The brand new passive ES-SUB sports dual 8″ woofers, designed to be installed in a standard 2″ x 4″ stud wall with a depth about 3.75″. By separating the amplifier and crossover module, (connected to the subwoofer via standard line level speaker cables) Episode was able to keep the enclosure simple. Meant to be installed vertically at almost 24″ high, I was forced to mount them horizontally.

The EQ box is installed between the receiver and E-2100 amplifier, with only a setting for phase, while the remainder of settings such as volume, low pass/flat filters (set to flat if the bass management is done in the receiver) and bridged/stereo (the amplifier can be used as a stereo amp) is done in the amplifier.

I opted to power the ES-SUB subwoofer with the Episode E-2100 stereo amplifier and since the subwoofer is an 8 ohm load, the 2100 gives me 300 watts bridged.

E-2100 Amplifier

Although it is not specific to the passive subwoofer, The E-2100 is a 100 watt 2-channel amplifier into 8 ohms; it is capable of driving 4 ohm loads with 150 watts. Typically used in a multi-zoned installation, bridgeable to 300 watts, SnapAV nonetheless has teamed it up with the ES Sub.

The rack-mountable amplifier is solidly built with from the toroidal transformer and discrete amplifiers, to the crossover and gain controls as well as a defeating low pass filter. Included is a low voltage trigger input, as well as a trigger output for other components.

The front has indicator LED lights for channel status, which includes indicating trouble such as thermal overload.


I won’t turn this into an installation review, it had its challenges as a retrofit and I’m sure a professional would have done it quicker and easier than I. Having said that, snaking wires was most of the battle, the speakers went in without a hitch, other than the depth issue with the HT-700 I’d already mentioned – measure your joists!

The 14 gauge speaker wires, also from SnapAV all terminated at one location and I spent some time making cables to easily connect the package to the receiver, in this case the Rotel RSX-1550, currently under review. An OPPO BDP-83 handles the video source to the projector from Epson, the PowerLite Home Cinema 8100 onto a 106″ Dragonfly high contrast screen.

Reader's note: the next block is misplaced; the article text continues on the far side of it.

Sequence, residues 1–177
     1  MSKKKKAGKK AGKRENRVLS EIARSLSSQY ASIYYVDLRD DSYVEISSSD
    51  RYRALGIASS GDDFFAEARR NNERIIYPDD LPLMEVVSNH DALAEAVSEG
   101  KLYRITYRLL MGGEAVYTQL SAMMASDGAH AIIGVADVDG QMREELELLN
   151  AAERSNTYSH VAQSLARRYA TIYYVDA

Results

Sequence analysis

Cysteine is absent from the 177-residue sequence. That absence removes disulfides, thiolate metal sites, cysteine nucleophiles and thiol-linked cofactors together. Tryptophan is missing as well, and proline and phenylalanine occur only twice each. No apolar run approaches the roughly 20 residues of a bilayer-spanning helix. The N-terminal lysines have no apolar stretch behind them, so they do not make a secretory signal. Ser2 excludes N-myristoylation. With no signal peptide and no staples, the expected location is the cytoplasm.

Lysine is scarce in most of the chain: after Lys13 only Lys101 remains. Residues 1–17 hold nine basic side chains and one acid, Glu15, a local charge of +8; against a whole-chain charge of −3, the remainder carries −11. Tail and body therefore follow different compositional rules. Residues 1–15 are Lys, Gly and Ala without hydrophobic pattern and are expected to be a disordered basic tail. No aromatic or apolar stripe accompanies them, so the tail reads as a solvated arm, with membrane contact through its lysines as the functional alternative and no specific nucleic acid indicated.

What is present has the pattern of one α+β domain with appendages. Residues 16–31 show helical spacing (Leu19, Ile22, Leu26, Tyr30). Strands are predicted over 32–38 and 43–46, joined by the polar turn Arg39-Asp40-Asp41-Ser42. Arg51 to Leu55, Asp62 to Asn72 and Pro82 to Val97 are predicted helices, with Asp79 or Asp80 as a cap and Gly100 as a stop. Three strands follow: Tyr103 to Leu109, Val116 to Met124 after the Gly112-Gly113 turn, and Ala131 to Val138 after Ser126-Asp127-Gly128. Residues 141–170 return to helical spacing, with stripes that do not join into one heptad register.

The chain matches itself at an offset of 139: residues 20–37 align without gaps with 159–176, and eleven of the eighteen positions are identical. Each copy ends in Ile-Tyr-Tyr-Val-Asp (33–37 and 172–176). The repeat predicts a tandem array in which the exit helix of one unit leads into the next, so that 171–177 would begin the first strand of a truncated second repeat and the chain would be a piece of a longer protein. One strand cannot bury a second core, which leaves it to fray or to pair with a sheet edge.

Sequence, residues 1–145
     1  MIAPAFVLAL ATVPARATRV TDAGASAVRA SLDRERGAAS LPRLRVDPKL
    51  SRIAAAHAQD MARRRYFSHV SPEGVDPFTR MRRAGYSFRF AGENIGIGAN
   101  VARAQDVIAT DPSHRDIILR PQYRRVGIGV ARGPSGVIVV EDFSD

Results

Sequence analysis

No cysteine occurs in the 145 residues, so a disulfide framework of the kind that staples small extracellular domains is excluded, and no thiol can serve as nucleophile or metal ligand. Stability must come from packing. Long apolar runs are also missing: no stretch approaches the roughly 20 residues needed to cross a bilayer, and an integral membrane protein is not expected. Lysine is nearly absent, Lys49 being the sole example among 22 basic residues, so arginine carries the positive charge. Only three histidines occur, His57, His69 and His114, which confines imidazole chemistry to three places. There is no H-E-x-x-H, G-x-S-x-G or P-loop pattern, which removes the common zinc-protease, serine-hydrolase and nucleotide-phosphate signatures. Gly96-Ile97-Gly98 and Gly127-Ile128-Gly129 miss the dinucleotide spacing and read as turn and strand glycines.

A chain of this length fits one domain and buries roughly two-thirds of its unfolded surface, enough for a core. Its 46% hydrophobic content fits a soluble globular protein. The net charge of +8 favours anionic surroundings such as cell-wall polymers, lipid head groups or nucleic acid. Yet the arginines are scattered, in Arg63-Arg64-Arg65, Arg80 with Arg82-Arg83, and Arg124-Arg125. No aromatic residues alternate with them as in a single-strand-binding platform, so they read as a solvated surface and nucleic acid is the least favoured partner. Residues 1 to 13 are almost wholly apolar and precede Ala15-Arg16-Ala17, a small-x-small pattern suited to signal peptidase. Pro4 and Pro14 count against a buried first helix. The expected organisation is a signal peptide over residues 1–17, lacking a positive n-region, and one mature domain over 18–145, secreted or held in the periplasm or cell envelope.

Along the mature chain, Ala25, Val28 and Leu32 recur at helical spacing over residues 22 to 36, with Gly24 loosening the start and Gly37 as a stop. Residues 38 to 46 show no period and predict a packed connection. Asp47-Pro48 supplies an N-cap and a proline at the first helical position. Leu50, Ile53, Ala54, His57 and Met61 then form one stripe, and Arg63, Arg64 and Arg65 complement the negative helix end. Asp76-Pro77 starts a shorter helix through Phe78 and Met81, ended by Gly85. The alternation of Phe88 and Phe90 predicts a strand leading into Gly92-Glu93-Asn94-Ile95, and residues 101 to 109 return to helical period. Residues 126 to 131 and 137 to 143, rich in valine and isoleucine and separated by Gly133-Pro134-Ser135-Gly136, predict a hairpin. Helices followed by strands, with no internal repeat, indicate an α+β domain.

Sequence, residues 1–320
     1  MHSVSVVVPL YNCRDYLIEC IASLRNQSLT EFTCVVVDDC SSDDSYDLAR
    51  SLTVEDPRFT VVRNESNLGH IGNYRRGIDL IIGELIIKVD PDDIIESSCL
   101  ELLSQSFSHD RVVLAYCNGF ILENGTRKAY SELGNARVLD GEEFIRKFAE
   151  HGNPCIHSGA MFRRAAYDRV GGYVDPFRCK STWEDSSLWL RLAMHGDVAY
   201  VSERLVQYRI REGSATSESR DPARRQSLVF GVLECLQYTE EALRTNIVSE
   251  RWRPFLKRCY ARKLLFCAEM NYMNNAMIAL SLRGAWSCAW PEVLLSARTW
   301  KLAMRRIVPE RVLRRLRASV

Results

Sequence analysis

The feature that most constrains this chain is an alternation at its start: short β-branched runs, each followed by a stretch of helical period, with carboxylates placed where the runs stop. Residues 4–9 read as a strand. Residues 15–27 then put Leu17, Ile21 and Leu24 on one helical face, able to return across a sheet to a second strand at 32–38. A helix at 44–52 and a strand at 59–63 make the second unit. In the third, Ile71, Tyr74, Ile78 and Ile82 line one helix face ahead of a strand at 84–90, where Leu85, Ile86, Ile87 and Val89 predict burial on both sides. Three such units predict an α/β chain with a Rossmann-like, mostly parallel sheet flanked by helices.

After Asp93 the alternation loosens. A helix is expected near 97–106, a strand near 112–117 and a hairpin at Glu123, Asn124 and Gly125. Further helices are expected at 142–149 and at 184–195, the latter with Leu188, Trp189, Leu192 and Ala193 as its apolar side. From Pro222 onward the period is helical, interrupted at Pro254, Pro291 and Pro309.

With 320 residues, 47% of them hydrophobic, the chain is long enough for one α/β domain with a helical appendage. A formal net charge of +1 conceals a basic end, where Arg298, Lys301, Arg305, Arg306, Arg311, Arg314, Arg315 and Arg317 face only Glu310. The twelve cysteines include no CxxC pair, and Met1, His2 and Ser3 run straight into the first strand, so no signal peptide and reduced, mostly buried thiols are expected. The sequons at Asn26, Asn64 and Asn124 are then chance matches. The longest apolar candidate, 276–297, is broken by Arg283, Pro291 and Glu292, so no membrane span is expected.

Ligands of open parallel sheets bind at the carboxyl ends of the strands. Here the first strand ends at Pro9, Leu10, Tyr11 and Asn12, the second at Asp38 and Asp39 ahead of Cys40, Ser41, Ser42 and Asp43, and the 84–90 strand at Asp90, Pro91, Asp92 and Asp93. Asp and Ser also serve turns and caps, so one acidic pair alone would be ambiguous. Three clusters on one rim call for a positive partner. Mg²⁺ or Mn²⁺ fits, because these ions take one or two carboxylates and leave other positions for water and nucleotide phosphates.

In Use

Take it from a guy who has had some impressive speakers at all price ranges through my theater/listening room over the years to claim the Episode front ES-HT700LCR handle themselves quite confidently. What I heard from the HT-650 box speaker was evident here, a nice balance and an even tonality.

In a critical sense, you must get over the sound coming from the ceiling, especially for non-video source music. The sloped front driver arrangement delivers a convincing audio experience with multi channel ahead of 2-channel.

For example, 2L Nordic Sound on Blu-ray disc provides what I hope will be inspiration for other studios to produce in this extraordinary format. Divertimenti played out on the Episode package is engulfing. Played just loud enough not to notice the somewhat directional path the sound takes to your ears – however I won’t say the soundstage suffers. But the clean and detailed image is handled well by the front LCR’s.

From Blue Note, John Coltrane’s Blue Train in 2-channel provides enough depth and articulation from the cool brassy Lee Morgan trumpet to the warmth of Coltrane’s tenor sax leaving a pleasant musical aftertaste. Standup bass has some nice dimension never approaching bloat or fat.

On the other hand watching video, sitting about 12 feet back from the screen is less of an issue, in fact a revelation, as the sound is so convincingly in front of you, coming from the screen, not the ceiling.

The Police Certifiable Blu-ray concert live in Buenos Aires is a must have if you enjoy live concerts on disc. The sultry version of “Wrapped Around Your Finger” is rich with cymbals and deep bass drums and Sting’s nasally voice sounds terrific. The Episodes do a great job of sensing the atmosphere of the outdoor venue.

There are very few movies that show off a surround sound system than the infamous “Echo” scene from the House of Flying Daggers. The drums resonate with a nice continuous finish and extension. The sound whirls around the room cleanly from speaker to speaker becoming thunderous. This is when I was convinced that Episode has developed a wonderful ES line of speaker, and including the impactful ES subwoofer.


I admit a purist might not consider a package like this and frankly I would have enjoyed comparing the floor Episode speakers (now available) to the in-ceiling. However this is a worthy and serious setup, one I’m very happy to show off. I’m glad my confidence in permanently installing the Episodes in my room has paid off. For me this is the best of both worlds bringing together my listening and viewing rooms.